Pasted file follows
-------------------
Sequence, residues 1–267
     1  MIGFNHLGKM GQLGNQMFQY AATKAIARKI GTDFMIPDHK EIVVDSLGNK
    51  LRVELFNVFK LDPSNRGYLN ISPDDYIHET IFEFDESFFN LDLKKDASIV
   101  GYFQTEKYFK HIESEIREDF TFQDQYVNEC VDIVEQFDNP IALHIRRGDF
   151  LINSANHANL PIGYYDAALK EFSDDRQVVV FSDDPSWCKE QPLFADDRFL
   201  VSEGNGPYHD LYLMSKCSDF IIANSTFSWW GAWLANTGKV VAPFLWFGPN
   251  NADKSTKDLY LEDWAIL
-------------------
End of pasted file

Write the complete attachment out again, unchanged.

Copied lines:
Sequence, residues 1–267
     1  MIGFNHLGKM GQLGNQMFQY AATKAIARKI GTDFMIPDHK EIVVDSLGNK
    51  LRVELFNVFK LDPSNRGYLN ISPDDYIHET IFEFDESFFN LDLKKDASIV
   101  GYFQTEKYFK HIESEIREDF TFQDQYVNEC VDIVEQFDNP IALHIRRGDF
   151  LINSANHANL PIGYYDAALK EFSDDRQVVV FSDDPSWCKE QPLFADDRFL
   201  VSEGNGPYHD LYLMSKCSDF IIANSTFSWW GAWLANTGKV VAPFLWFGPN
   251  NADKSTKDLY LEDWAIL